One element that seems to recur in the construction of the characters is the hybridization of natural and artificial: the protagonist’s skin is sublimed into a reflective, metallic surface, similar to the giant found in the forest. Tanky Pear itself is a tank animated by the electricity produced by a fruit that seems to constitute its “brain” or consciousness. Do you think that the use of technology has somewhat shaped the aesthetic of the project and, more generally, of your practice?

In technology, as in architecture, forms are the result of a function. Their aesthetics reflect all the functional steps that were necessary for their construction, conveying a relationship and balance between the parts that is always interesting. In their physical representation, the function has been lost, yet it has been embedded in a type of imagery, just as we have now assimilated new materials that give us more room for speculation. 

Carola Bonfili, Second Order Reality, 2023, installation view, Aksioma, Ljubljana. Courtesy Fondazione Maxxi. Photo Domen Pal/Aksioma.

The exhibition catalog, published by Nero Editions, will document the entire project, featuring original texts and contributions by the curators Ilaria Gianni and Daniela Cotimbo together with Domenico Quaranta and Valentina Tanni. 

Could you provide an overview of the structure, contents and insights proposed?

We decided together with NERO to dedicate the book’s first section to the video and to structure it like a graphic novel, in order to integrate the textual part.
We conceived it as a narrative entry point that then unfolds into the other sections, where the documentation of the various design phases, images from the exhibition at Aksioma, and finally the texts by Ilaria Gianni and Daniela Cotimbo, the project’s curators, and by Domenico Quaranta and Valentina Tanni, whom I asked for an external contribution, are gathered. The curators’ texts analytically describe the work in different ways. Ilaria Gianni delves into the heart of the project, constructing a precise framework that detailly narrates and contextualizes the historical and ethnographic references that underpin the work, while at the same time illustrating the connections between its parts. Daniela Cotimbo’s text, The feeling of what happens, but doesn’t, introduces a description of how cognitive processes work and how we use them, starting from individual perception to a collective one. Within this framework, she breaks down and details the work, starting from its initial history, which as she defines it herself: is often drawn from pre-existing narratives, and is like an elastic mesh meant to be stretched, expanded, and taken beyond the boundaries of its structure. Domenico Quaranta describes the ongoing intimate tension, almost suspended and fragmented, through which we understand and perceive a reality that is always partial and on the verge of collapse, where antidotes and escape routes are sought–such as the construction of alternative individual worlds  in which he inscribes the project by detailing its most essential parts—that can serve both individual and social functions. Lastly, Valentina Tanni’s text is structured almost like interconnected axes sliding into each other, revealing different aspects of the work, and as it delves deeper it unpacks its mechanisms, even the most unconscious ones.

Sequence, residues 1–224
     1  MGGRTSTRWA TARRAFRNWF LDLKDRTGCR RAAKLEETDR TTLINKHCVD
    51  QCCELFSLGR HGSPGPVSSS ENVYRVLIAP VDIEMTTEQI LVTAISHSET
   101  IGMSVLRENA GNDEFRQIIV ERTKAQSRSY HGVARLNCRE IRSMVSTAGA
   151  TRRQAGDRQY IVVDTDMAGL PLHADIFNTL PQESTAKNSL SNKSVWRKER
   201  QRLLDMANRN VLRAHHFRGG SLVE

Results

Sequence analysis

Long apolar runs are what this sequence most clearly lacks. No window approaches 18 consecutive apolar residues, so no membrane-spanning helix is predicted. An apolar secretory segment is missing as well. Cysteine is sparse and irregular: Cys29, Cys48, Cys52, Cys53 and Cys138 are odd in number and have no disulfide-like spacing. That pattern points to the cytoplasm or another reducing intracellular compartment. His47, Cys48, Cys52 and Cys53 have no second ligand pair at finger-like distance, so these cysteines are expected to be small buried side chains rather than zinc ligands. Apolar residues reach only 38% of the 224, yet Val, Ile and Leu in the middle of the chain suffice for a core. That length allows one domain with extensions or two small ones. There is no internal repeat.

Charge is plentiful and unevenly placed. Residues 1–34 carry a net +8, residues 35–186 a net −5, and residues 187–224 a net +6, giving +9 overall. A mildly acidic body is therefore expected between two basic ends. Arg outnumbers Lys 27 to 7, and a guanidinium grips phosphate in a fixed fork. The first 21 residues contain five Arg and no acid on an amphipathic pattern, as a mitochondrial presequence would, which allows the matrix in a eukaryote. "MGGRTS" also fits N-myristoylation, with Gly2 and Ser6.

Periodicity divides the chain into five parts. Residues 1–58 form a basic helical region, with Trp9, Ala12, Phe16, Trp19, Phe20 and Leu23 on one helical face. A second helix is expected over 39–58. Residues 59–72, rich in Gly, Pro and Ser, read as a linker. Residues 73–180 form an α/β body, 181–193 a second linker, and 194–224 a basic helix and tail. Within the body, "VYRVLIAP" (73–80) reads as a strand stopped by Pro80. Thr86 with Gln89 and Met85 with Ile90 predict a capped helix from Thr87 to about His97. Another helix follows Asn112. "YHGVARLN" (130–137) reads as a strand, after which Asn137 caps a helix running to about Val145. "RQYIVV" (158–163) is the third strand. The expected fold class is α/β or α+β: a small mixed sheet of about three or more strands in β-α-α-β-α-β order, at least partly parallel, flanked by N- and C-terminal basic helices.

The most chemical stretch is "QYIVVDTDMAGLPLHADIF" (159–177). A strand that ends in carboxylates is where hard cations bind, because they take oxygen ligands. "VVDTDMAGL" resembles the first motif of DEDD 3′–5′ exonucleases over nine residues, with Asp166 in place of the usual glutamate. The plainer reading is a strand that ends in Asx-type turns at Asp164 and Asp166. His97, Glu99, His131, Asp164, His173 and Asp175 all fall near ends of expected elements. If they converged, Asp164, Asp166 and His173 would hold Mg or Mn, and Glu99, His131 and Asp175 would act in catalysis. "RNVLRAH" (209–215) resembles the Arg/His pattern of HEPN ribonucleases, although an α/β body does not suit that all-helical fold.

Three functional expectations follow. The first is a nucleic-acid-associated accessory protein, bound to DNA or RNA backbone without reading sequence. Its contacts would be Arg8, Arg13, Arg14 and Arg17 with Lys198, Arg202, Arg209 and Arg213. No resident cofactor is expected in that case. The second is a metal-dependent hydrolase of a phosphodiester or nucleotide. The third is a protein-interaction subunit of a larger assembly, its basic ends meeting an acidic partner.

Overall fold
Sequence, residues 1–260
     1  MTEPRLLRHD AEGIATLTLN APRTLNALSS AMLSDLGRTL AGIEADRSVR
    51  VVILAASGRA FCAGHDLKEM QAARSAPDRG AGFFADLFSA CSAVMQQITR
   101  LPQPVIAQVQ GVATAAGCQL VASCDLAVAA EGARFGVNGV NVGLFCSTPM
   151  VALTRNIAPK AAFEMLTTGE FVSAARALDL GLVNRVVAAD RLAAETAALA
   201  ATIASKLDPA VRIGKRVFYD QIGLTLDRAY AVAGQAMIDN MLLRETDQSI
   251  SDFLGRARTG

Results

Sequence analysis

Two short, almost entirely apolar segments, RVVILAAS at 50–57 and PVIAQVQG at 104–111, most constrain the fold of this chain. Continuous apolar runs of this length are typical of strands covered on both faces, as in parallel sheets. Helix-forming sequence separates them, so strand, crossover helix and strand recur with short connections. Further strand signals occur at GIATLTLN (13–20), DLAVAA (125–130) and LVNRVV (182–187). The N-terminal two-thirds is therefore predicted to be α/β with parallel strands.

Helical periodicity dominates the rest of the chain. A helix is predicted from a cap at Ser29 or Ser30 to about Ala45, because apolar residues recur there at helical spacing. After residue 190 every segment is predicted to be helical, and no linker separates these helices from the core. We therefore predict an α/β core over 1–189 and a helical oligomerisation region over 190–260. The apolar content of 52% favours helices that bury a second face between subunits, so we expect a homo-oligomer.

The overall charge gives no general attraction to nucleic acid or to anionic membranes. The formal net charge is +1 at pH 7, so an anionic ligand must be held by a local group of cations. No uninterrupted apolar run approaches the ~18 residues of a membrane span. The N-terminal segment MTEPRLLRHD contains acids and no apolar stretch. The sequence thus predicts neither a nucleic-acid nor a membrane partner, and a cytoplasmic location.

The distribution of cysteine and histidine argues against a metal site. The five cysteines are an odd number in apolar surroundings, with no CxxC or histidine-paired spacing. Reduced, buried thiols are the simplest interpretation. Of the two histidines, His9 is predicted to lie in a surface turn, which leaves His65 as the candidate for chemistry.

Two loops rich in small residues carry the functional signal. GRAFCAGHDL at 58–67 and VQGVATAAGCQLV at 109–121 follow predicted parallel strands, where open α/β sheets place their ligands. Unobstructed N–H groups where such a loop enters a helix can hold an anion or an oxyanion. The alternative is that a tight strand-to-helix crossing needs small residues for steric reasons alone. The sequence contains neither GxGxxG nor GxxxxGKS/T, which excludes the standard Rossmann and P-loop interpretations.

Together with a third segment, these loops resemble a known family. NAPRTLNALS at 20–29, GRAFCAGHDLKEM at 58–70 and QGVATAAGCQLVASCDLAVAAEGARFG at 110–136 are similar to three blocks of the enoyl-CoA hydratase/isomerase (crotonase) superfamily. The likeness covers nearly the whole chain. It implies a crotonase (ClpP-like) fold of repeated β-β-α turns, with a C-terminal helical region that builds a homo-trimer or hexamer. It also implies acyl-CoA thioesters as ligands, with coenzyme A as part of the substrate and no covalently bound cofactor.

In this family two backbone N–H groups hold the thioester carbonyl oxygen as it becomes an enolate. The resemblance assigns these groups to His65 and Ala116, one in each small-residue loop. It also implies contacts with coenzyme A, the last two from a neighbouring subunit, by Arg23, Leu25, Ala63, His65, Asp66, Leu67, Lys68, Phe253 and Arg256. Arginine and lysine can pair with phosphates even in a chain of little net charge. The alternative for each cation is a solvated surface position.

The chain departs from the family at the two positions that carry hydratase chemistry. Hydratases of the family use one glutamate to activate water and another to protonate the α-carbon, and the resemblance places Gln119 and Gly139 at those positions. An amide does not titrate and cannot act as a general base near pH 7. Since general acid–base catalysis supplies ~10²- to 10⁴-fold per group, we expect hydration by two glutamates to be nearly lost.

Carola Bonfili ’s work is structured in multi-layered narrations that develop towards mixed source texts. AI principles, CGI, VR a/v environments and automatic writing are the main tools of her recent research. A performative matrix is often found in the production processes at the basis of her sculptural works and environmental installations, which are immersive in nature and tend to forms of transmedial narration. Her work was presented in various institutions both in Italy and abroad, of which: MAXXI, Rome; La Triennale di Milano; Milan, Italian Institute of Culture, Los Angeles; The Ludwig Museum, Budapest, GNAM, Galleria Nazionale d’Arte Moderna e Contemporanea, MAMbo Museum, Bologna, American Academy in Rome, Palazzo Mocenigo Museum, Venice, MACRO, Rome. She has received various prizes and awards, including the 2022 Italian Council 11th edition, the 2020 Re:Humanism Prize, the 2011 LUM Prize; the 2008-2009 Rome Prize and the 2009 Strozzina Prize, Florence, while also participating in residences at the American Academy of Rome (2009) and MACRO, Rome (2012). Works of hers in public collections include those at MAXXI Museum, the Ministry of Foreign Affairs Farnesina Collection and the MACRO Museum in Rome. Since 2004 she has been working with NERO Editions, with which in 2011 she began publishing Names of Numbers, a series of monographic books on drawing.
Giulia Gaibisso (Rome, 1993) is an art historian and curator. She is currently part of the team of IUNO, an independent curatorial project and research center for contemporary art founded by Cecilia Canziani and Ilaria Gianni. She also writes for ATP Diary and is a member of Spazio In Situ, an artist-run space founded in Rome in 2016. She has collaborated as editorial and curatorial assistant on several projects for institutions such as GAMeC Bergamo and MAXXI l'Aquila. She lives and works in Rome.